METHODS: Lipid profiles from skin tape strips of 25 healthy controls, 30 AD patients, skin-specific inducible K5-tTA-IL-13 transgenic mice and control mice were analyzed by targeted liquid chromatography tandem mass spectrometry (LC-MS/MS). Ca2+-differentiated human keratinocytes were stimulated with IL-4/IL-13 with or without STAT6 silencing and lipids were analyzed by LC-MS/MS. Stable isotope pulse-labeling was employed to define changes in sphingolipid metabolism in treated keratinocytes.
RESULTS: Lesional skin (stratum corneum) from AD subjects and IL-13 transgenic mice is characterized by increased proportion of a short-chain (N-14:0-24:0) NS-ceramides, sphingomyelins, and 14:0-22:0-lysophosphatidylcholines (LPC) with simultaneous decline in the proportion of corresponding long-chain species (N-26:0-32:0 sphingolipids and 24:0-30:0-LPC) when compared to healthy controls. An increase in short-chain LPC species was also observed in non-lesional AD skin. IL-4/IL-13-driven responses in Ca2+-differentiated human keratinocytes in vitro revealed similar changes in aforementioned sphingolipids in response to IL-4/IL-13. Pulse-labeling studies with human keratinocytes in vitro suggest that IL-4/IL-13 inhibit sphingolipid biosynthesis and also inhibit sphingomyelin/ceramide degradation. These changes are blocked by STAT6 silencing with siRNA.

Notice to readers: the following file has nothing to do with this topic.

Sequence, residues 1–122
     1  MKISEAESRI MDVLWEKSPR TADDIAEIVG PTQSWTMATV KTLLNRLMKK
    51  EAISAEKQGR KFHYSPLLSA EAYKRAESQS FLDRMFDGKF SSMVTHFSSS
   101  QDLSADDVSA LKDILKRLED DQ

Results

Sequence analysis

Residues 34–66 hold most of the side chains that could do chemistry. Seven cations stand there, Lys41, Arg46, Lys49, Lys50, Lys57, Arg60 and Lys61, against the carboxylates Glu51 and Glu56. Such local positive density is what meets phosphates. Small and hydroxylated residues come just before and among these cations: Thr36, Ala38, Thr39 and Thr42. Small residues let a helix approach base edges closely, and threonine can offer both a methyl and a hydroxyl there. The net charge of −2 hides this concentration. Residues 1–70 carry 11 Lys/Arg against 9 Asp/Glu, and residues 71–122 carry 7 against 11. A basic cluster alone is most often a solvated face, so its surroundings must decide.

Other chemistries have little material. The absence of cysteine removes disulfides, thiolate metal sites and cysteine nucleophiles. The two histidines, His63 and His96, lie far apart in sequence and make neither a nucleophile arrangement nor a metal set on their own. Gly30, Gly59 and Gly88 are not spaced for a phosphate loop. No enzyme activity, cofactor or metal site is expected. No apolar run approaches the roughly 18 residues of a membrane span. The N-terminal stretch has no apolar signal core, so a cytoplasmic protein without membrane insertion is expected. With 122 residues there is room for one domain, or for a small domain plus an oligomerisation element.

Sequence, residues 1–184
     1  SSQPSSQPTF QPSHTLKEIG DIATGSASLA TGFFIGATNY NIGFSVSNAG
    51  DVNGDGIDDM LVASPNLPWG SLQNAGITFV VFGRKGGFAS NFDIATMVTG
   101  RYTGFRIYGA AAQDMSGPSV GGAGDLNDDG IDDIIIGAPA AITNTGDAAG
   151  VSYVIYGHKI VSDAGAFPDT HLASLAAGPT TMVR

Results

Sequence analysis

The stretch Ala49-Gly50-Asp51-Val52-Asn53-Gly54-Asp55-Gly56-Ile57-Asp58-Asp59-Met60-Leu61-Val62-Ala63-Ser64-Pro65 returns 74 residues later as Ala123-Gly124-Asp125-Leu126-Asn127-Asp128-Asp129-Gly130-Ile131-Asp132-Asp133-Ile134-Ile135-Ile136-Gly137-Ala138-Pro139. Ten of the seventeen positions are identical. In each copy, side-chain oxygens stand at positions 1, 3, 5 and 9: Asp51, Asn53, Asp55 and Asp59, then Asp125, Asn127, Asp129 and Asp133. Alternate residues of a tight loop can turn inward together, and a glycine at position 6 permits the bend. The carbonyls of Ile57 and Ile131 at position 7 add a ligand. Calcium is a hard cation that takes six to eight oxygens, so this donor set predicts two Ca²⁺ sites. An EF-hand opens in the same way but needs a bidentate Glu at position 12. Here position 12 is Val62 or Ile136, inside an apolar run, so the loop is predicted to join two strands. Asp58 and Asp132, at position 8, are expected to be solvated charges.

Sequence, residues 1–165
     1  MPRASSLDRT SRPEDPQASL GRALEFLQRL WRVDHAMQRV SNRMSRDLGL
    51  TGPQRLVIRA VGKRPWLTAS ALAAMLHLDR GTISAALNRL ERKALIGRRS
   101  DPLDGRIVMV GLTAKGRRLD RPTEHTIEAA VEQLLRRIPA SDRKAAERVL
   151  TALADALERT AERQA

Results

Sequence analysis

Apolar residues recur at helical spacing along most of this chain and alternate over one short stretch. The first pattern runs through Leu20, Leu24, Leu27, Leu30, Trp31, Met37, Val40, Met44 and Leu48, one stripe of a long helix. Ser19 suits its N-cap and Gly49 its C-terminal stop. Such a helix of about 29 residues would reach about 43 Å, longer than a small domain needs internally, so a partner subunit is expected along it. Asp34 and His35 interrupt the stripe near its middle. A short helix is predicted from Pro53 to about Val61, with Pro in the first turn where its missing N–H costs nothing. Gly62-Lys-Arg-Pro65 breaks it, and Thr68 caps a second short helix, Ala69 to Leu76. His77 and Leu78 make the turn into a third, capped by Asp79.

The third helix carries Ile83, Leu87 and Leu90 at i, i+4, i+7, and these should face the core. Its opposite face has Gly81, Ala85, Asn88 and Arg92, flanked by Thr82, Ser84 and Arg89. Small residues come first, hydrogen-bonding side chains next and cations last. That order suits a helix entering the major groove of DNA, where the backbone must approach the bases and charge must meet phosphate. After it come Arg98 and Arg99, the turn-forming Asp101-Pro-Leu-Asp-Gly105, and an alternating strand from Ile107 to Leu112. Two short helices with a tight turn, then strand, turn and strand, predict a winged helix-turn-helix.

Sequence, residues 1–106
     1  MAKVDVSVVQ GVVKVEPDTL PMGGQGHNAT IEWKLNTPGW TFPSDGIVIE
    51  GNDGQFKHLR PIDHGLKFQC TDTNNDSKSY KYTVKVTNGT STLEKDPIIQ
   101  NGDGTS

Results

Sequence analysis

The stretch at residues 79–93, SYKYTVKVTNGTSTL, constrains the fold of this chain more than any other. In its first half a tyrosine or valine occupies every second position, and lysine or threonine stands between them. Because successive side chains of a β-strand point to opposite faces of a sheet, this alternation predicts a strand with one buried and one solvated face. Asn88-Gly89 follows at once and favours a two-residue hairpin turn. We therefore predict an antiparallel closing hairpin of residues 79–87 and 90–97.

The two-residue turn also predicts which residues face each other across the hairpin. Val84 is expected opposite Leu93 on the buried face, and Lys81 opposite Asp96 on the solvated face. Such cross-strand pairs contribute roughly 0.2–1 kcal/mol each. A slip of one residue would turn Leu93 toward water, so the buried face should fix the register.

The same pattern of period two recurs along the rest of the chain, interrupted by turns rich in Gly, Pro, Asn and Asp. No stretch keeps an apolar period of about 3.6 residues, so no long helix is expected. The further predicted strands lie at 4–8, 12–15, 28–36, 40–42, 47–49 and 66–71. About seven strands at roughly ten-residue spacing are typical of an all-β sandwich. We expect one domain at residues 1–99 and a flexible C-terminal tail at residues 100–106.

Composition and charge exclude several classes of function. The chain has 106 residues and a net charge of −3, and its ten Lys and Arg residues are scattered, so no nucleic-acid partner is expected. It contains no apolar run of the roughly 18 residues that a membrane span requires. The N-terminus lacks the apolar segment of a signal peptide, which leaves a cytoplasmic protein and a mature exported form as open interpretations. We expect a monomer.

CONCLUSIONS: This study confirms the link between dysregulated type 2 immune response and skin lipid abnormalities in AD skin. The similarity in lipid changes between human (AD) and mouse (IL-13-driven) skin, as well as the STAT6-controlled changes in IL-13-treated human keratinocytes in vitro strongly support the pathogenic role of IL-13 in AD skin lipid metabolism.